USA Economy Falls off a Cliff ? Warren Buffet States on CNBC ! Watch Here for free !

Friday, March 6, 2009

Recovery Signs from the recession, now here ?

3 of 5 recovery signs in place
D. Pett, Financial Post

With North American markets down more than 50% from their peaks, talk this week has turned again to the possibility that stocks are ready to rebound.
On Tuesday, Barack Obama, the U. S. President, declared that stock markets have bottomed and as indexes bounced on Wednesday, market analysts the world over jumped into the discussion, claiming a "bear market rally" was under way.
But based on yesterday's broad-based retreat that saw Canada's top exchange fall almost 200 points and the Dow Jones Industrial Average and S&P 500 both drop more than 4%, prognosticators may have spoken too soon.
In fact a report from Credit Suisse this week claims a recovery, even in the short term, appears unlikely until certain conditions are in place.
"All in all, three of the five preconditions for a bear market rally are in place," said U. K.-based analyst Andrew Garthwaite in a note to clients. "Ultimately, however, we believe all five preconditions are needed."
The first building block to a bear market rally that appears to be in place is the presence of high cash levels sitting on the sidelines. Mr. Garthwaite noted that U. S. money market mutual funds are worth roughly US$4-trillion currently and account for 40% of total market capitalization. And for the first time since 1993, they represent a greater value than U. S. equity mutual funds.
Second, the analyst is encouraged by a turnaround in the best U.S. lead indicators.
Third, credit spreads appear to be stabilizing and improving, with corporate bond issues picking up over the past few months.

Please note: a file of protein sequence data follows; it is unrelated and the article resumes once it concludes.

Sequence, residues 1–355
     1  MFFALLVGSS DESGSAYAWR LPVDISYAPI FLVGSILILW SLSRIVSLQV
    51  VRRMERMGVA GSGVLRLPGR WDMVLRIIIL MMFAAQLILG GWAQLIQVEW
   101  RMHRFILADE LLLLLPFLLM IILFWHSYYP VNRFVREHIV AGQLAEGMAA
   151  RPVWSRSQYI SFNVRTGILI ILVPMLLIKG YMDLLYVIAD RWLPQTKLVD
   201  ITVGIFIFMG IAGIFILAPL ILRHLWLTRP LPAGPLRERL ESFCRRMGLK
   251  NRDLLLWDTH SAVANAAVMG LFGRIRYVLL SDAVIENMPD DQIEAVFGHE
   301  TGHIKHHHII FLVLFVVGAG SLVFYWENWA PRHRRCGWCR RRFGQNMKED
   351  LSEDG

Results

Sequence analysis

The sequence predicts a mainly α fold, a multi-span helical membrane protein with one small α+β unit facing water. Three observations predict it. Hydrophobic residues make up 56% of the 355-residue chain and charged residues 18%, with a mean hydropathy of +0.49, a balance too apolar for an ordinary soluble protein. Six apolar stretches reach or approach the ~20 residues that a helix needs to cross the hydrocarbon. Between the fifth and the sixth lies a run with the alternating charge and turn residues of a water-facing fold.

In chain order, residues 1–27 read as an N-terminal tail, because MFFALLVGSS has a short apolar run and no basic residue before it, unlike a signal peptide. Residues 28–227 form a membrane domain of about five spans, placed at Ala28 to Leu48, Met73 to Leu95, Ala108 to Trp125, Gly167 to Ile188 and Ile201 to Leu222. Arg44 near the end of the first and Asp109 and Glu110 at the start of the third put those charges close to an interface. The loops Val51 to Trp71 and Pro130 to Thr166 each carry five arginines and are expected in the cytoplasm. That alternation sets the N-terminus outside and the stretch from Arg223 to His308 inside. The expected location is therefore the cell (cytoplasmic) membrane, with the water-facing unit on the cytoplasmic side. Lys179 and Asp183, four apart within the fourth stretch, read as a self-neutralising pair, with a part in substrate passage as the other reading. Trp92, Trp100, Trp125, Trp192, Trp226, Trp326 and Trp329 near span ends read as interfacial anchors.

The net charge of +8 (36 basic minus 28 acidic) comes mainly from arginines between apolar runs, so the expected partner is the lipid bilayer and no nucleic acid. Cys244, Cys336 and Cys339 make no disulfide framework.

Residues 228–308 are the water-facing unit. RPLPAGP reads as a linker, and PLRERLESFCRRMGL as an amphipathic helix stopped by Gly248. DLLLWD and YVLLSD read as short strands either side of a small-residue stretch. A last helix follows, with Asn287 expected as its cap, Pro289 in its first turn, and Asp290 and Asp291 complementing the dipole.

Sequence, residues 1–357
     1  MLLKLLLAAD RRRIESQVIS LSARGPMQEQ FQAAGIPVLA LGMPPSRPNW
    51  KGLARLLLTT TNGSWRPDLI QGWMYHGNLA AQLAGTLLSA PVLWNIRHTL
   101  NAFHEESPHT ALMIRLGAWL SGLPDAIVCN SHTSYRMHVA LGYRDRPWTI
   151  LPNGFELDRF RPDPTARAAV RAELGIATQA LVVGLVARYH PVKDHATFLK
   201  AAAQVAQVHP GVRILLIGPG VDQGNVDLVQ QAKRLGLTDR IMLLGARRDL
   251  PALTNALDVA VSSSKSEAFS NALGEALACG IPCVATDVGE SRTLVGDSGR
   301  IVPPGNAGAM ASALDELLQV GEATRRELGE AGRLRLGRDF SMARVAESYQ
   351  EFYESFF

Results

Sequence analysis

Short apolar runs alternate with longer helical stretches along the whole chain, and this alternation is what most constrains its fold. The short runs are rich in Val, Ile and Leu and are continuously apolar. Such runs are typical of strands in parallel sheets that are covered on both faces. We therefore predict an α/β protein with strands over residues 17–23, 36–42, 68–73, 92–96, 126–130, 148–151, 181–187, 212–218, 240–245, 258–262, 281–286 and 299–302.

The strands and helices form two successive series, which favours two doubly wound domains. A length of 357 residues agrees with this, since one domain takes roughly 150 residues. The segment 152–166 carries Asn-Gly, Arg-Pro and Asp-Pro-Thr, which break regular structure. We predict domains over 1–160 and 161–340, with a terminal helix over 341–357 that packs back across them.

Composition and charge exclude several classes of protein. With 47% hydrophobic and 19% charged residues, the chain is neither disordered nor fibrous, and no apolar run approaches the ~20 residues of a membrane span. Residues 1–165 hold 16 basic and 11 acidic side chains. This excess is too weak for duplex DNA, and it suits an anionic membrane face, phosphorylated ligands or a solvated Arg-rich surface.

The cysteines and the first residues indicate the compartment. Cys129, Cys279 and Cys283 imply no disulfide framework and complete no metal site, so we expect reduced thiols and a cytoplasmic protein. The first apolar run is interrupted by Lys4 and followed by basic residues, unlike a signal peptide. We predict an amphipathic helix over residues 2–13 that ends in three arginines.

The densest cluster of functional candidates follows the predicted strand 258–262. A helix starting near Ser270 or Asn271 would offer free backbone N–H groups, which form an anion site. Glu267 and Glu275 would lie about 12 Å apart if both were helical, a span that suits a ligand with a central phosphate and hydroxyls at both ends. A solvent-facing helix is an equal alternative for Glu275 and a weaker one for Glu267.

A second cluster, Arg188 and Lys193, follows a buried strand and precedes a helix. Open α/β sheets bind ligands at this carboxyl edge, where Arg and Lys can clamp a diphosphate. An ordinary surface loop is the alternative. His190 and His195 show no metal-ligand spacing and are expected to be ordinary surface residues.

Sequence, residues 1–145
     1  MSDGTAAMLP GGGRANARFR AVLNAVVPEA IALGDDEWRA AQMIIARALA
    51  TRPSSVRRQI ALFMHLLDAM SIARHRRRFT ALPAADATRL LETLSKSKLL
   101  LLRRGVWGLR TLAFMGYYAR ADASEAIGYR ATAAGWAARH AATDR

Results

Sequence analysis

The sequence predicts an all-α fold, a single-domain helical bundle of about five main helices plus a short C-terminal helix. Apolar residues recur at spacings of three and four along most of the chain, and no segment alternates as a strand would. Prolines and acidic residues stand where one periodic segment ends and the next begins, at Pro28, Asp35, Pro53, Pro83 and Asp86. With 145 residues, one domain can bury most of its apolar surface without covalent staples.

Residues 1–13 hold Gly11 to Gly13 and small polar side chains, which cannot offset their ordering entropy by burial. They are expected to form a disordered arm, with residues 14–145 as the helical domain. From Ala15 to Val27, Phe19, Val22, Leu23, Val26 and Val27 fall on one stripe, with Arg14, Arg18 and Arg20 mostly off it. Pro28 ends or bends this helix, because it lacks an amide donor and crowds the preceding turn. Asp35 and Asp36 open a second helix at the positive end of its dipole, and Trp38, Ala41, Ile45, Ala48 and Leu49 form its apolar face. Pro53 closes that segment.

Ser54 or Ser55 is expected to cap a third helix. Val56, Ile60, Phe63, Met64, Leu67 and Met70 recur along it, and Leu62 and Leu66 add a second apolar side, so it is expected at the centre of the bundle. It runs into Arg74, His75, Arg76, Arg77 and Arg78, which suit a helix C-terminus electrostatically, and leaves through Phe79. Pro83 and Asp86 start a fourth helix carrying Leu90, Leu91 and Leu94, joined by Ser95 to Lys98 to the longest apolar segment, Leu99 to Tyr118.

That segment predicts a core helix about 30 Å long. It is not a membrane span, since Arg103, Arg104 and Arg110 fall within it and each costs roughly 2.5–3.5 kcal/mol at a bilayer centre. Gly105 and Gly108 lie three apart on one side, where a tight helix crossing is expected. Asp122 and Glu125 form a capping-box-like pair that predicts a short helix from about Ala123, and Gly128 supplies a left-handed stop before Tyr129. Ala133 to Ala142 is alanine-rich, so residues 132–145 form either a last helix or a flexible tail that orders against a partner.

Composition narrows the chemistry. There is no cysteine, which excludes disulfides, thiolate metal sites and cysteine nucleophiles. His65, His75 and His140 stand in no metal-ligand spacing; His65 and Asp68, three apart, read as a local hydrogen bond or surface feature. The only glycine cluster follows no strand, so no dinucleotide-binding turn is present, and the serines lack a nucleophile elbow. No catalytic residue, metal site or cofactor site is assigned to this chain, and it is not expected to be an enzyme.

Holding back the bear market rally, on the other hand, is the pending peak in U. S. housing inventories and the all-important point of investor capitulation.
Mr. Garthwaite says existing home inventories will likely peak in the second quarter.
As for investors reaching a capitulation point, Mr. Garthwaite says technical indicators remain mixed. NYSE stocks trading above their 10-week average seems to have capitulated, the analyst says, while the VIX index, a measure of market volatility, earnings breadth and market breadth all indicate a lower level of stress than three months ago.
Equity risk appetite, equity sentiment and insider buying, three other key indicators, have not capitulated, however.
Despite Mr. Garthwaite's belief that a bear-market rally is not imminent until all of the preconditions mentioned are satisfied, he remains confident that governments and corporations have the right policies in place to help turn markets before they get much worse.
"We are reluctant to be negative on equities when the market is more oversold than at any time in the last 70 years and has experienced the biggest peak-to-trough decline since the Depression (in real and nominal terms)," he said
"While the outlook for GDP growth is the worst it has been since the 1930s, this does not mean the equity market has to be as cheap as it was in the 1930s